The UCNews 2014 top 10
Lawsuits for religious freedom, the retirement announcement of the general minister and president of the United Church of Christ, and questions on immigration and racial justice—those were just some of the top stories about the work and witness of the church in the last year.
What defines a ‘top story of the year’ on the list? In this case, these are the stories with the largest number of readers. So, counting down from 10, here are the UCNews stories that garnered the most interest in 2014:
At General Synod 2015, the church is invited to explore the “Unexpected Places” in which we find God, the theme for the biennial gathering. Members of the General Synod Program and Planning Committee hope the theme brings unexpected love, passion and spirituality to General Synod 2015, which will be held June 26-30 in Cleveland.
Two years later, the Central Atlantic Conference of the UCC will welcome the church to Baltimore for General Synod 2017.
“We view it as a phenomenal UCC-identity opportunity to celebrate what the UCC is in the conference, as well as nationally and internationally,” said the Rev. John R. Deckenback, conference minister for the Central Atlantic Conference.
Rashad Jackson, a member of Fellowship Chapel UCC in Detroit, was the winner of the United Church of Christ video contest, “My Faith, My World, My Voice.” His video, “Awake, Alive, Aware,” came out on top, collecting the largest number of the 4,500 votes cast, and the 25 year old plans to use his $5,000 prize to continue filmmaking.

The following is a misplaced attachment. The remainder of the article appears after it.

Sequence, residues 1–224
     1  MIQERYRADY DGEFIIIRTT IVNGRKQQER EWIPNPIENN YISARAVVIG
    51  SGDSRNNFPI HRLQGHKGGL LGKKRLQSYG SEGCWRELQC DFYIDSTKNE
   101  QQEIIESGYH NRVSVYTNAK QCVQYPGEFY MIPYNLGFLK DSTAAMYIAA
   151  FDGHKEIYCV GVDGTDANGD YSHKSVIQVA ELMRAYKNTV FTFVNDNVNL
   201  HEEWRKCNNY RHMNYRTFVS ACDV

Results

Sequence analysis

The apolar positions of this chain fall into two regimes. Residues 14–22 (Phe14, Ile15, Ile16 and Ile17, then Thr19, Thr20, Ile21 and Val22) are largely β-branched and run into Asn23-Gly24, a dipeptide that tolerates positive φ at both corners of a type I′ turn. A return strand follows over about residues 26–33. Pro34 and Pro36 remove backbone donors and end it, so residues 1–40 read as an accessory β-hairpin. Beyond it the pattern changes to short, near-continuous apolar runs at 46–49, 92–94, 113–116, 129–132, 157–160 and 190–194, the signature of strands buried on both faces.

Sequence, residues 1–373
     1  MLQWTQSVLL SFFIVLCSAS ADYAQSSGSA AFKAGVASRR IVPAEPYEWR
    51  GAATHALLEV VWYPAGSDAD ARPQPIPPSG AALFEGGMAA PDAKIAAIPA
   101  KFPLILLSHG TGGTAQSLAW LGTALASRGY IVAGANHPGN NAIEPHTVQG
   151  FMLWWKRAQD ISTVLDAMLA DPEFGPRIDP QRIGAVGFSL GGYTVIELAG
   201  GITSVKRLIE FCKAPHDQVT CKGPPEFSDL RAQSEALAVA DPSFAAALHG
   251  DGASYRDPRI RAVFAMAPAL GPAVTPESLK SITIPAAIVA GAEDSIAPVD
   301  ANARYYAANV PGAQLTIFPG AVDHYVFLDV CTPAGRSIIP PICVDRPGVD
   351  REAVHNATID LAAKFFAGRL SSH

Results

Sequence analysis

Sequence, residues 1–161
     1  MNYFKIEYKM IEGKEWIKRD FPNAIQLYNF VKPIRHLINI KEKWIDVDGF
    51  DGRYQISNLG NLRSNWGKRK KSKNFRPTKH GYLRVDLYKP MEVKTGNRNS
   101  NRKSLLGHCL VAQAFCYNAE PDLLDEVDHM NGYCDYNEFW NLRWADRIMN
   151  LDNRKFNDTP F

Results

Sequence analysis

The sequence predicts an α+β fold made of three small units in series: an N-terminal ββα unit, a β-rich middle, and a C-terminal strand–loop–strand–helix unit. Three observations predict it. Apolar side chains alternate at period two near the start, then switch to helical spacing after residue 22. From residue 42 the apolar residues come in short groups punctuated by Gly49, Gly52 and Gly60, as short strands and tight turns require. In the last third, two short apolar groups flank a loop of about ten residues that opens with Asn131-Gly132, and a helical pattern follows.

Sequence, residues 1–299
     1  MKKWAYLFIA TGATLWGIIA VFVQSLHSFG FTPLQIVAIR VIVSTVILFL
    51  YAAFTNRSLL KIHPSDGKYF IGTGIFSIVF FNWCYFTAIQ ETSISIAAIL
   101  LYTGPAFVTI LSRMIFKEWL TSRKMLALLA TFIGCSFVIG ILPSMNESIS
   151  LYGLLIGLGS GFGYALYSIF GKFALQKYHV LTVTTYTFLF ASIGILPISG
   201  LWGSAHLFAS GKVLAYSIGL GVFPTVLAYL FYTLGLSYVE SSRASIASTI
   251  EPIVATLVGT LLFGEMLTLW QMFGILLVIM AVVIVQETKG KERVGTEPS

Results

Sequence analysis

“I am a very dedicated and driven person, always pushing the envelope to the next level,” said Jackson of his entry.
8: Four preachers to lift up ‘the unexpected at General Synod 2015
Four pastors and theologians were announced as the preachers for worship during the upcoming General Synod in 2015.
The Rev. Molly Baskette, a young UCC pastor from Massachusetts with a knack for church revival, delivers the opening sermon Friday evening, with Bishop Dwayne Royster, a community organizer and pastor of a Philadelphia UCC congregation, preaching the Sunday community worship service. The Rev. Mitri Raheb, a Global Ministries partner, comes from Jerusalem, with the Middle East expected to be a topic of conversation throughout General Synod. He preaches Monday evening. The Rev. Sharon Watkins of the Christian Church (Disciples of Christ) will offer the closing sermon on Tuesday.
The Rev. Geoffrey A. Black, the denomination’s general minister and president, announced his plans to retire early at the conclusion of General Synod 2015, two years before the expiration of his second term. Black believes this is the right moment—where the mission, governance and work among the covenanted ministries would best align under new leadership.
“The national setting of the United Church of Christ has moved through a major transition and we are steadily moving forward as a leaner, more focused and agile organization,” Black said. “I believe that a change in leadership next year, bringing new energy and vision, will help to ensure that we do.”
Black announced his retirement 11 months before he plans to leave office so that the United Church of Christ Board will have ample time to identify and nominate his successor.
In a unified voice, UCC leaders declare their support for unaccompanied children that are leaving their Central American homelands out of fear to come to this country. The leaders believed this was a unique moment testing the church’s commitment for justice and peace, and the letter called on the church to stand by the children seeking refuge in the United States.